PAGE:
Painting can be an evil mistress. She can love you tender and she can love you raunchy, and she can rip your guts apart.
When you put that last stroke on your canvas and you know you’ve done it right, and you step back to look at what you’ve done, a deep sigh comes all the way up from your loins and you say “Yes! Yes, by God, I did it.”
But it can also be like a cramp in the pit of your stomach that wrenches your intestines and won’t let go; because to make a painting you have to reach deep down inside and pull it out, and when it doesn’t come it’s like the dry heaves. And the
loneliness of it! The loneliness is unbearable. You’re all alone in a huge loft and you’re slinging paint with concentration so intense it’s exhausting, and when you finally set your paint bucket down and step back to see what you’ve done there is not a soul to share that moment with, be it ecstasy or be it loathing; because you’ve experienced a rape or a battle or the most tender of caresses, and it was all between you and that goddamn canvas; and suddenly you get this memory flash from back when you were in art school and your professors ripped your work apart, and you look at your painting and you can’t even see it. You haven’t the slightest idea whether it’s art or crap. So you grab the freight elevator down to the street and you walk to the corner bar and get gloriously drunk.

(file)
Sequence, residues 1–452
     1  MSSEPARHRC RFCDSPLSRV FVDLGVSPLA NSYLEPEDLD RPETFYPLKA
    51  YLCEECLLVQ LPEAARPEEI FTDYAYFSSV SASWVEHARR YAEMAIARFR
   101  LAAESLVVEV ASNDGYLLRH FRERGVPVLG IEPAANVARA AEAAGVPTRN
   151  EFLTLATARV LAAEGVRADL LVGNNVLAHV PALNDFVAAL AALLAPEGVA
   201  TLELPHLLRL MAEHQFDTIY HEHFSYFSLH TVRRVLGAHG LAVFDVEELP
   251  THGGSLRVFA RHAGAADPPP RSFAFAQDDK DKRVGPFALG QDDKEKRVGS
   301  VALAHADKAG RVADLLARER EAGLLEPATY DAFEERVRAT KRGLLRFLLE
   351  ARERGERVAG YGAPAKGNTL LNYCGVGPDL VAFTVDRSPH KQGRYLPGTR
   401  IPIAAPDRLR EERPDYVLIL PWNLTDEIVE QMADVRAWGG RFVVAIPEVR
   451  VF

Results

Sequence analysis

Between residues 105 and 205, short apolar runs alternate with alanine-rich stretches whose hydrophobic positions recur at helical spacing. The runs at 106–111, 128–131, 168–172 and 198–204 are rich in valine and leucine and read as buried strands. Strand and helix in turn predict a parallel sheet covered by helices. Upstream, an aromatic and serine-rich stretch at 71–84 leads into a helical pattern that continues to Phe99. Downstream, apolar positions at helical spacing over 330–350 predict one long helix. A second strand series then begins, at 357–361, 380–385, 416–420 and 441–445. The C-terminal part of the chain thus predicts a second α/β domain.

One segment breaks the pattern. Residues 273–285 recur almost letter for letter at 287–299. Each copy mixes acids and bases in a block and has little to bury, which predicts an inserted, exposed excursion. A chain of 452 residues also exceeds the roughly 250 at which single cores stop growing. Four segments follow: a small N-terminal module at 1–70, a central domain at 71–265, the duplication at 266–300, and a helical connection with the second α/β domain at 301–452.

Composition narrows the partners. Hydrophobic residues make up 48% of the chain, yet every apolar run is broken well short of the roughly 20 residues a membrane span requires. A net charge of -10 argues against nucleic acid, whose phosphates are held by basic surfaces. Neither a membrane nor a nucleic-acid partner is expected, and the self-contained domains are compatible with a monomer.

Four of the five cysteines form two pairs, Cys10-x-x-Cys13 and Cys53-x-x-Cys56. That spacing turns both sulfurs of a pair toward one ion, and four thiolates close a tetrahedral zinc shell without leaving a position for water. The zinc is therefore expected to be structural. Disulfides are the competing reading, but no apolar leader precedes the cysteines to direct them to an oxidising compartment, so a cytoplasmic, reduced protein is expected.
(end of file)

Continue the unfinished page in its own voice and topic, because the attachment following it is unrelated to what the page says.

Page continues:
Red Warner wrote those words. He wrote them in that bold scrawl of his. He wrote them in his journal not long after his final exhibition and that now-famous party that ended with a scream and a mad rush of fleeing bodies, and Red Warner slumped on the floor in a pool of blood like the day’s washing from a slaughterhouse.
The New Cedars Bar
Manhattan, New York
The New Cedars Bar was dark inside. A deeply scarred mahogany bar dominated the narrow room. It looked like a whale washed onto shore. Diffracted afternoon light slanted through dusty windows that opened onto Broome Street, casting a parallelogram net of yellow on the hands of chess players who nursed their beers while plotting their next moves. A stream of
dust motes floated from there to the corner booth where Randall Jarrett, the art critic, lounged in his black suit, watching the men at the bar. They were an intimate group, argumentative and familiar. They arranged themselves casually on their bar stools in a triad, like a Renaissance composition, with the burly redhead in the center. He was wearing paint-splattered overalls and a plaid shirt with a frayed collar. He sat loosely on his stool, and his heavy body lurched when he laughed — which he did often and loudly. Everyone in the New Cedars Bar turned at the sound of his booming laugh.
He swiveled around and hefted his beer mug as if proposing a toast, and announced, “I’m for an art that ejaculates!”
Randall Jarrett smiled to himself with a smile that said here he goes again.
A group of out-of-towners who had drifted in carrying packages from a nearby boutique stopped and looked at each other, questioning their choice of bars.
Red Warner bellowed, “I’m for anarchistic art!
Someone shouted, “Amen!”
Red bellowed, “I’m for an artist who turns down galleries.”
“I’m for an artist who vanishes, only to reappear ten years later as a fisherman living in the wilderness.”
“I’m for Goya’s madness and van Gogh’s ear and Rothko’s suicide! I’m for confrontational desperational art!”